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Primo Levi the chemist


In 1975 Primo Levi published 'The Periodic Table'.  Made up of twenty-one chapters, each one titled with the name of a chemical element, it is autobiographical in nature, like many of Levi's books.  However, wheras Levi's other autobiographical works focus on his ordeal in Auschwitz, 'The Periodic Table' covers the whole scope of of his life, from his family's origins ('Argon') to his professional life as a chemist after the war.  Each chapter stands on its own and the book works as a collection of short stories, although the order is chronological.



'The Periodic Table' gives an insight into the importance of chemistry in Levi's life.  On a very basic level it probably saved him at Auschwitz, where his professional experience meant he was selected for work in one of the IG Farben synthetic rubber factories attatched to the concentration camp ('Cerium') - far preferable to the back-breaking physical labour he would otherwise have had to perform.  Chemistry also provided Levi with a living before and after the war.


But Levi looked for more than simply 'the tools to earn his living and have a secure life.'  In 'Hydrogen' Levi expresses what chemistry meant to him as a school boy:  'An indefinite cloud of future potentialities'...from which 'cloud I expected my law, the principle of order in me, around me and in the world.'  In 'Iron', as a chemistry degree student and with the war looming with all the terrible consequences that it would have for him, Levi explains to his friend Sandro how his view of chemistry has developed:


Sandro was surprised when I tried to explain to him some of the ideas that at the time I was confusedly cultivating.  That the nobility of man, acquired in a hundred centuries of trial and error, lay in making himself the conquerer of matter, and that I had enrolled in chemistry because I wanted to remain faithful to this nobility.  That conquering matter is to understand it, and understanding matter is necessary to understanding the universe and ourselves:  and that therefore Mendeleev's Periodic Table, which just during those weeks we were laboriously learning to unravel, was poetry, loftier and more solemn than all the poetry we had swallowed down in liceo; and come to think of it, it even rhymed!  That if one looked for the bridge, the missing link, between the world of words and the world of things, one did not have to look far:  It was there, in our Autenrieth, in our smoke-filled labs and in our future trade.


In the dark climate of fascist rule chemistry even acquired a political importance for Levi as an 'antidote to fascism...clear and distinct and verifiable at every step.'


Chemistry was of genuine spiritual importance to Levi .  His fascination is evident in other chapters of 'The Periodic Table' such as 'Carbon', one of two short stories written as a young man, rediscovered, and included in the book.  It tells the story of a single carbon atom through millenia as part of a layer of sedimentary rock, through dissolution in the ocean and through lightening organic reactions.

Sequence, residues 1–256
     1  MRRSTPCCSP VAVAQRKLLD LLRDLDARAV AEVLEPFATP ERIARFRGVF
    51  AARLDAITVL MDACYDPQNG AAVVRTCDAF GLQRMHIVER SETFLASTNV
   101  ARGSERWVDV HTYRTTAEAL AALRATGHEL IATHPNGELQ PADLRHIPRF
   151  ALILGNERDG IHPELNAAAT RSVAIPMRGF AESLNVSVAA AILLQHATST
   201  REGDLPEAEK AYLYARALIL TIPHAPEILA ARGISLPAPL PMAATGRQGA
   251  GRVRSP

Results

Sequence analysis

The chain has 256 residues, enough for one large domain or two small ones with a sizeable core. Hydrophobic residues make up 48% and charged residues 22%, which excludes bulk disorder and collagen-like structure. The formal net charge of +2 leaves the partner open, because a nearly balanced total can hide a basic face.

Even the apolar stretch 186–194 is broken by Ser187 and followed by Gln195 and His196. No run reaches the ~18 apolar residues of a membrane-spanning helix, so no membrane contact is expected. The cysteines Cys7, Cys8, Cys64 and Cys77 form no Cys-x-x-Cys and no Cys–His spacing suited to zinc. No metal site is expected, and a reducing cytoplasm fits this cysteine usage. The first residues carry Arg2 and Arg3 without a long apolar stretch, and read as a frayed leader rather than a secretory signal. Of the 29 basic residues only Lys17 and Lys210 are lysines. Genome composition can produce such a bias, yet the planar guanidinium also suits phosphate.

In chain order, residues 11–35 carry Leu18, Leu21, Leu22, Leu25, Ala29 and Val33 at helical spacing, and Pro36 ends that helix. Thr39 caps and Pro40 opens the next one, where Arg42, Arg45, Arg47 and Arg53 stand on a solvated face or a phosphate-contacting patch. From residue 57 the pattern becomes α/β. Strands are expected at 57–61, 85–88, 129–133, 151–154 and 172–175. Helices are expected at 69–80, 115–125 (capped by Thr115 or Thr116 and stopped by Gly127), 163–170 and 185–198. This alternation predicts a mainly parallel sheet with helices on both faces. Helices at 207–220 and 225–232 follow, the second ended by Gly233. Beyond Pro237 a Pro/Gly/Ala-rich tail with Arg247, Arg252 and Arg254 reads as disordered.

Of even greater interest to Levi was the practice of chemistry.  'The Periodic Table' is littered with various practical procedures described with great respect and profound wonder.  This description of the distillation process from 'Potassium' is a case in point.


Distilling is beautiful.  First of all, because it is a slow, philosophic, and silent occupation, which keeps you busy but gives you time to think of other things, somewhat like riding a bike.  Then, because it involves a metamorphosis from liquid to vapour (invisible), and from this once again to liquid; but in this double journey. up and down, purity is attained, an ambiguous and fascinating condition, which starts with chemistry and goes very far.  And finally, when you set about distilling, you acquire the consciousness of repeating a ritual consecrated by the centuries...


Not only was chemistry vital in the life of Primo Levi, but Primo Levi is of some importance to chemistry; at least in my view.  He infuses wonder into both its substance and practice.  His standpoint as an ordinary chemist is important:  greatness is a fixation of our time and culture; there are so many celebrated people in the world it may seem some level of recognition is expected.  Levi not only articulates a love of chemistry for itself but puts across his keen sense of the nobility of the chemist's trade.  This transcends ambition but not ego.  Levi's pride in his profession can be seen in 'Lead' which tells the story of a much earlier - but crucially historically anonymous - chemist:  a man who travels throughout ancient Europe trading on his knowledge of and expertise with lead.  He has little understanding of his medium - the fact that all his lead-working ancestors died early of similar symptoms he takes to be an unfortunate family trait - but is intimate with it through long contact and proud of what he does. 


Primo Levi's writing, and especially 'The Periodic Table', played, for good or ill, a large part in my pursuing a degree in chemistry.  I hope that this webpage encourages other people to have a read of his books too.


All quotations taken from 'The Periodic Table', Primo Levi, Trans. Raymond Rosenthal, Michael Joseph Ltd., 1985.